Photo: Girl waiting for the train by Toshihiro Gamo on Flickr.
Natalie “Talia” Stroud is an associate professor of communication studies, assistant director of research at the Annette Strauss Institute for Civic Life, and director of the Engaging News Project at the University of Texas at Austin.
Many findings about the political and news habits of women and young people are depressing. Women know less about politics and follow political news less frequently than men. Young people are less politically engaged and less likely to consume news than their older counterparts.
Given these findings, the recent “Mobile-First News” report from Knight Foundation and Nielsen offers a different narrative. The study reveals that women and young people are more likely than their demographic opposites to engage with news via social media on mobile devices.
Turning to social media apps for news seems a natural fit for young people. The Engaging News Project, an initiative to research democratically beneficial and commercially viable strategies for improving digital news, recently hosted a workshop where part of the day was dedicated to having digital news leaders talk with millennials from the University of Texas at Austin. Many of the students noted that convenience influenced their news habits and that social media represented an easy way to get news and information. News transmitted through social media seamlessly fits with existing habits among younger, mobile-savvy audiences.
That women are more likely than men to get news from social media apps is particularly interesting. Here’s one possible spin on the finding: The Nielsen analysis finds that Facebook is the most frequently used social media app. On Facebook, one connects with friends and family – exactly the sorts of people where maintaining a good relationship is paramount. And although there is some diversity among friend networks, a large share of our Facebook friends tend to share our political leanings. It could be that this is precisely the sort of congenial environment in which women gain political knowledge and engage with news. In their research, Jennifer Wolak and Michael McDevitt found that young women learn more about politics when talking with their parents and in politically homogeneous communities. Facebook may be an online environment particularly conducive to engaging women.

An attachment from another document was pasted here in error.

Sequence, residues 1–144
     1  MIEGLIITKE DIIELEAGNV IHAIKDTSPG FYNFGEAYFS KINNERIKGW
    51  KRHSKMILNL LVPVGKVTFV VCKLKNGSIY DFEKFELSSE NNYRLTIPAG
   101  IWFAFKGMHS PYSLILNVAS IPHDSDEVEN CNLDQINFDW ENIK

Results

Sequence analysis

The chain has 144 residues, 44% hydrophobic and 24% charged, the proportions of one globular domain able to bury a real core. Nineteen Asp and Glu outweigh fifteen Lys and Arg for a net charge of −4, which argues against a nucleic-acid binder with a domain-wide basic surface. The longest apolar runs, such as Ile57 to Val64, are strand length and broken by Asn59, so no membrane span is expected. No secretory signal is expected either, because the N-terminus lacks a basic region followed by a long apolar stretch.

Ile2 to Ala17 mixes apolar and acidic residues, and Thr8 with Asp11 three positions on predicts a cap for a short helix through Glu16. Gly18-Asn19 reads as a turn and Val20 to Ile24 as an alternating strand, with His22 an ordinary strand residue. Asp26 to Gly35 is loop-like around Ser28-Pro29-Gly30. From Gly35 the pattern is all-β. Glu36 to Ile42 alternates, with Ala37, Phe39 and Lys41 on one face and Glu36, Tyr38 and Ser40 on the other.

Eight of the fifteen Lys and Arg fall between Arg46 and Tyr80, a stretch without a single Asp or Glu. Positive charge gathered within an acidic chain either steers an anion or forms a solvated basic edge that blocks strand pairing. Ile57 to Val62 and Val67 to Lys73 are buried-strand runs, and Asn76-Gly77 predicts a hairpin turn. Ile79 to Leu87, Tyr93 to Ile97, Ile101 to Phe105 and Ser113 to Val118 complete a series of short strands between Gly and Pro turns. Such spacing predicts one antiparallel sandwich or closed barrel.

Overall, these findings should spark investigations of how and why news from social media apps engages women and younger audiences differently. Even more, we should ask whether mobile news from social media informs women and inspires younger audiences to get involved in politics. For news organizations, the results should motivate creative thinking about how to cater to different audiences via social media apps. I hope that the findings from the Knight report help to start this conversation.
Email Natalie Stroud via [email protected].